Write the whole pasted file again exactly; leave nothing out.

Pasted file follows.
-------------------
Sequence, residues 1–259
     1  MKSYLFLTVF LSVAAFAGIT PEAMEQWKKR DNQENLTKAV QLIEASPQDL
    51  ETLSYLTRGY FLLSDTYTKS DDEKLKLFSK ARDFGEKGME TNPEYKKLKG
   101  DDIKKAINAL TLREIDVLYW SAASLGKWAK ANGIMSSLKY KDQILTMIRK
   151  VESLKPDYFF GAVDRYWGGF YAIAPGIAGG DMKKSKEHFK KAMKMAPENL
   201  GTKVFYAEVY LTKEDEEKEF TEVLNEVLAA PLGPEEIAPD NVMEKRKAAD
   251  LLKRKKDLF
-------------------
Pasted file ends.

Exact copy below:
Sequence, residues 1–259
     1  MKSYLFLTVF LSVAAFAGIT PEAMEQWKKR DNQENLTKAV QLIEASPQDL
    51  ETLSYLTRGY FLLSDTYTKS DDEKLKLFSK ARDFGEKGME TNPEYKKLKG
   101  DDIKKAINAL TLREIDVLYW SAASLGKWAK ANGIMSSLKY KDQILTMIRK
   151  VESLKPDYFF GAVDRYWGGF YAIAPGIAGG DMKKSKEHFK KAMKMAPENL
   201  GTKVFYAEVY LTKEDEEKEF TEVLNEVLAA PLGPEEIAPD NVMEKRKAAD
   251  LLKRKKDLF